Research shows that one million kids' identities were stolen in 2017. That's mind-blowing, but not surprising. Think about it: your child is a blank slate and identity thieves are slobbering over themselves to get their hands on things like that.
The scary thing is you may not find out for YEARS! Once your child grows up and finds out they were a victim, that thief could have done so much damage that it becomes a huge headache of time, money, stress, etc to fix.
So how, as a parent, can you prevent it?
Check your child's credit report to see if any items are associated with his or her Social Security number. None should be.
Freeze the child's report until he or she is old enough to apply for credit.
Secure your child's Social Security number, keeping tax forms locked away and statements for, say, college accounts in secured files.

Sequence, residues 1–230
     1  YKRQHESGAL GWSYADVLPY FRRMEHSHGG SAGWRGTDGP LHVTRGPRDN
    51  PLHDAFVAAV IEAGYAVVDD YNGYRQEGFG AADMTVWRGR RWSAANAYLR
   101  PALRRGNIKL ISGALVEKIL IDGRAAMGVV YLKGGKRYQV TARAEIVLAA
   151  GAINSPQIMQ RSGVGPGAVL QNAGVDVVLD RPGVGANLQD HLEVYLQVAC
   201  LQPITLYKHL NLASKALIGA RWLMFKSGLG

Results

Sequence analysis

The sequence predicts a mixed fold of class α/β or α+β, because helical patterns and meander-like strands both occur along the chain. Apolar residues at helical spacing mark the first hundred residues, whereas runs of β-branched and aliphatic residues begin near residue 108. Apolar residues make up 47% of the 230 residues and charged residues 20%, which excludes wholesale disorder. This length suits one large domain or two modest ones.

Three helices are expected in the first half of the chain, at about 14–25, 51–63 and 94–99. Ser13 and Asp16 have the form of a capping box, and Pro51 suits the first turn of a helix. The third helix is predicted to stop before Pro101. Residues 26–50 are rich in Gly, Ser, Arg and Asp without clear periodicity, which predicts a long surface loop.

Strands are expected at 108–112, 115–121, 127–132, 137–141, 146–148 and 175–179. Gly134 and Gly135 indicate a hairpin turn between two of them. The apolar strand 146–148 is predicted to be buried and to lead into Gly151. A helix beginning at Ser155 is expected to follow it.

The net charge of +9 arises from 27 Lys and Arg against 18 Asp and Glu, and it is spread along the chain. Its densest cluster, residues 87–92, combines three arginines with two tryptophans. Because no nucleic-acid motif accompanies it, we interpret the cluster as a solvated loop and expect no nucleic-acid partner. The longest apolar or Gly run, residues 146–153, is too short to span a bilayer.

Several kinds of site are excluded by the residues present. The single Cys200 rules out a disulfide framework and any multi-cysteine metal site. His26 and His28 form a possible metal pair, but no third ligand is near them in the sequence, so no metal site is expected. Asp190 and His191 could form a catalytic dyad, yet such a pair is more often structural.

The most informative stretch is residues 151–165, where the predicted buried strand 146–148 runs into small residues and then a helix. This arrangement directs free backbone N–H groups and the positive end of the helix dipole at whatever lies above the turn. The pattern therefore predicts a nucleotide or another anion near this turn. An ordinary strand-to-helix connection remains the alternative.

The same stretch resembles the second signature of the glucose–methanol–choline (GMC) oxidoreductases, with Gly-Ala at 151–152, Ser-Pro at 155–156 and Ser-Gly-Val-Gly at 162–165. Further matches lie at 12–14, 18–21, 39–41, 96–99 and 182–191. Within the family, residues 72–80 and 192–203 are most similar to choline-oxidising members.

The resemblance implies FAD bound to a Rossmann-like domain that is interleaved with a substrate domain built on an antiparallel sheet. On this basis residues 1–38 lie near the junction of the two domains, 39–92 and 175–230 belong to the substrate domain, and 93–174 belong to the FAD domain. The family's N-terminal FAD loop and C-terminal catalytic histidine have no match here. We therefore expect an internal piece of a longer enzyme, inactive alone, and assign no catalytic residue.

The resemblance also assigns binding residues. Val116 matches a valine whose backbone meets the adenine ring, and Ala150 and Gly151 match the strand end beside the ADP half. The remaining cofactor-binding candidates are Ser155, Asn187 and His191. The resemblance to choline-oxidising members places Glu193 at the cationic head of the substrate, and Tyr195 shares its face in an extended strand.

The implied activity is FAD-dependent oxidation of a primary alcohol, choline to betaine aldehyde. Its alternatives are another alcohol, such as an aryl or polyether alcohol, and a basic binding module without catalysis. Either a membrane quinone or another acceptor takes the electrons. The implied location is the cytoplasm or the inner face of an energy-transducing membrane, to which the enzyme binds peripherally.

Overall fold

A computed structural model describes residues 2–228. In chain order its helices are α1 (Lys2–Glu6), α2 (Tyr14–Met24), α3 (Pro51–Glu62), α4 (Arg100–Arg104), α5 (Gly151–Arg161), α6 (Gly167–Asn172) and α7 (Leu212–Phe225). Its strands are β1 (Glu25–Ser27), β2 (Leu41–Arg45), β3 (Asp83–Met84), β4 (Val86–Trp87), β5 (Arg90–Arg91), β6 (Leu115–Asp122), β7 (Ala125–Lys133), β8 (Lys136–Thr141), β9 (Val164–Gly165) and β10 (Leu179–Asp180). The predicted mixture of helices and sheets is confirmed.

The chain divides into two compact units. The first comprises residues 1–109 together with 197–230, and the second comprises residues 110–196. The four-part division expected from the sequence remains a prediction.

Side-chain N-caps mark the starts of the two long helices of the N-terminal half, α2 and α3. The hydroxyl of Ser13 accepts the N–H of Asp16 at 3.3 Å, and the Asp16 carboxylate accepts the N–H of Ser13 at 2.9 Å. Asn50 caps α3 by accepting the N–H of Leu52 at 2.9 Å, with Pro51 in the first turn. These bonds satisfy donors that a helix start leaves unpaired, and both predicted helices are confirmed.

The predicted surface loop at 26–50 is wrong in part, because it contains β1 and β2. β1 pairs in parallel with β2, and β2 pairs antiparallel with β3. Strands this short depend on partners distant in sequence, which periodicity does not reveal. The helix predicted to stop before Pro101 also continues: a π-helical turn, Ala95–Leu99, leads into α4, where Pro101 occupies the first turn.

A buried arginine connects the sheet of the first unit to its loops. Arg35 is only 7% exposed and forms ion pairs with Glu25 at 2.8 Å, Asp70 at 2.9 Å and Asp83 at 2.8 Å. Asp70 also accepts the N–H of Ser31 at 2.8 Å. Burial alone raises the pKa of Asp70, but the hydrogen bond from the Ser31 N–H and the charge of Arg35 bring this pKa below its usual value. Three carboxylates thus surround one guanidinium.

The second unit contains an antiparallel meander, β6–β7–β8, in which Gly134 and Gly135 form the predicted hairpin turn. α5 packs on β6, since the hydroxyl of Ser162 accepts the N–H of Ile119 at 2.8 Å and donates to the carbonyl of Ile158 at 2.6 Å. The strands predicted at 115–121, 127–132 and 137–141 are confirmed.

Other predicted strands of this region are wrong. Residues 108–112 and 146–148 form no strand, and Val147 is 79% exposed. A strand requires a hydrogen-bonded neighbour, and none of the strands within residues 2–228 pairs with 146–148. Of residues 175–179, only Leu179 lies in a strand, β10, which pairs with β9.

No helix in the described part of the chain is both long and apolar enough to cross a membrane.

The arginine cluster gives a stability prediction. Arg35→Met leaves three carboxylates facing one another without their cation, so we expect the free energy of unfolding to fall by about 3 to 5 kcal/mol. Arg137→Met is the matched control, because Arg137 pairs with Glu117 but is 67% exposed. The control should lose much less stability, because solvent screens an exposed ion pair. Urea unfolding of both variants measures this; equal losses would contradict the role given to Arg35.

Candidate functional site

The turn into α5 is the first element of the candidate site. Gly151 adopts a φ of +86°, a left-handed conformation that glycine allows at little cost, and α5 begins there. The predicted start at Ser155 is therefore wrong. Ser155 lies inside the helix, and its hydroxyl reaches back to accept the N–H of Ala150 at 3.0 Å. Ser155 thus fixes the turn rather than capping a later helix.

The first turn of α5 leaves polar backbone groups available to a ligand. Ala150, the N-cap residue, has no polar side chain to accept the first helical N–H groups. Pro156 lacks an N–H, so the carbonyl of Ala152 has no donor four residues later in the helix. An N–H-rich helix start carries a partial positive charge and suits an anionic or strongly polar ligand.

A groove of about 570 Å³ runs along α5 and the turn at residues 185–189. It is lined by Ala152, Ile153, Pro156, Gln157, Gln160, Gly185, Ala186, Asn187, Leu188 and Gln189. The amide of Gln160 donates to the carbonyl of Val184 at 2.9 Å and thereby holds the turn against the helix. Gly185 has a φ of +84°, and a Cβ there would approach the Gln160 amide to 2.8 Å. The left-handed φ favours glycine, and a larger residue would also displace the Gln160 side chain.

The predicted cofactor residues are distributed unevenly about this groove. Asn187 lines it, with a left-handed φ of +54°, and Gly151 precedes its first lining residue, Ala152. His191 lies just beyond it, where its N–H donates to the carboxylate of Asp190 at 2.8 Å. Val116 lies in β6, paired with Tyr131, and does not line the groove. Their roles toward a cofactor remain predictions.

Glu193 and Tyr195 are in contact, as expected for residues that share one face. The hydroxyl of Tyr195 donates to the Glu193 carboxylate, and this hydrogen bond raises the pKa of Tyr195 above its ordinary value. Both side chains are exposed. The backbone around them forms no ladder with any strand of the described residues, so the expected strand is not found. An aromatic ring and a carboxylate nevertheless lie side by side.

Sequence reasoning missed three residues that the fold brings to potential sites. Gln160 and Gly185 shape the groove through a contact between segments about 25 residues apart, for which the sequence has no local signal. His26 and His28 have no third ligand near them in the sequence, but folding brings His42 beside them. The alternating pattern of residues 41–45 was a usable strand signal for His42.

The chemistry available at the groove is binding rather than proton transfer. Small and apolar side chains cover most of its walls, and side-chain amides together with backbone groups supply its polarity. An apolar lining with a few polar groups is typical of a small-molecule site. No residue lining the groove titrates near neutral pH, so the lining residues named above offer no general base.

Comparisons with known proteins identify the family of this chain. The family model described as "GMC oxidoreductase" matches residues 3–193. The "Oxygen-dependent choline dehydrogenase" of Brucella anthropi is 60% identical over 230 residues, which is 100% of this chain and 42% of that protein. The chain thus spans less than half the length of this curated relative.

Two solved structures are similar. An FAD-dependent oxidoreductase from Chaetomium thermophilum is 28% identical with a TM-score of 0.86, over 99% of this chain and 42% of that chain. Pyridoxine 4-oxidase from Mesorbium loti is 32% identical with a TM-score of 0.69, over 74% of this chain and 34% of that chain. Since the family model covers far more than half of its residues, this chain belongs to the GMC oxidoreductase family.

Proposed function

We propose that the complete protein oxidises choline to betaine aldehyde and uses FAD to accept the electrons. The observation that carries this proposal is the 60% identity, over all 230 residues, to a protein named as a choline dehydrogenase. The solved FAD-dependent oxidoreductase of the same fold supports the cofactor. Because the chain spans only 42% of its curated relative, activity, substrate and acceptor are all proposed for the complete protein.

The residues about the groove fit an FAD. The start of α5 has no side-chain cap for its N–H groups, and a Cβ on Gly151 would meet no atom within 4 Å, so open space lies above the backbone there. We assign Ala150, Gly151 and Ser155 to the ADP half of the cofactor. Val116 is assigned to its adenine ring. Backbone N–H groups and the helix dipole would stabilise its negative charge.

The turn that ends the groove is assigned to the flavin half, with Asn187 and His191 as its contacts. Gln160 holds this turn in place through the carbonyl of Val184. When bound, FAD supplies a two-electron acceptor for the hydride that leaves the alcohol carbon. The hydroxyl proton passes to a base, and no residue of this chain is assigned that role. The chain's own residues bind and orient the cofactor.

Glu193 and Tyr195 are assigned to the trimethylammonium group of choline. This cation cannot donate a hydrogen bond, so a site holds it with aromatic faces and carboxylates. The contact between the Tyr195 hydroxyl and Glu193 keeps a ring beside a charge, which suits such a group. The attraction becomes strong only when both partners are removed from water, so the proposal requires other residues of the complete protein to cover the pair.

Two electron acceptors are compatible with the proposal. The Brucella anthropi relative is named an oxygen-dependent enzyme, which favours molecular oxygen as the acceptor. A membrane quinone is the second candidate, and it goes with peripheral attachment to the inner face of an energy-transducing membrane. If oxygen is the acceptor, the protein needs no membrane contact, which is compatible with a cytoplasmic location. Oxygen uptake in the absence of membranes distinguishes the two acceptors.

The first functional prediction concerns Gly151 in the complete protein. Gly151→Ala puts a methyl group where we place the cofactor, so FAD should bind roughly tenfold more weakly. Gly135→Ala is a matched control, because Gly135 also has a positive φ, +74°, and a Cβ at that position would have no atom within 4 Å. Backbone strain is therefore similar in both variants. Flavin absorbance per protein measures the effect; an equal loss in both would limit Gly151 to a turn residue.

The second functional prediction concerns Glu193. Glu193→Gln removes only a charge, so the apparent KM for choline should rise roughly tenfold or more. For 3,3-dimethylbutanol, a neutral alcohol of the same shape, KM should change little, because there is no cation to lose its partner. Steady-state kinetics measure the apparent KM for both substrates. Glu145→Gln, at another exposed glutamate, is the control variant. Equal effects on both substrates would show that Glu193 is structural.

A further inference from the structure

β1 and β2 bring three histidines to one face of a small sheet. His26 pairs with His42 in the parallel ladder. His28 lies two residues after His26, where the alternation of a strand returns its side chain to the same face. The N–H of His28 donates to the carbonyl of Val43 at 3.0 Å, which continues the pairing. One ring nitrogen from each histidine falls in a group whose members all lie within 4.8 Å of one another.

Report any inaccuracies on the child's file immediately and file a police report, if necessary. It's understandable that you may not want to recognize the larcenous nature of your new romantic partner, but he or she could be ruining your child's future chance at buying a house or car, or getting a credit card.
Be vigilant. The earlier fraud is detected, the easier it is to solve. Indeed, for the vast majority of child victims, proving that they didn't take out the loan that appears on their credit report is as easy as showing the credit bureau the child's birth certificate. Remember, if that fraud isn't discovered until the child is older, fixing the record can be a nightmare.
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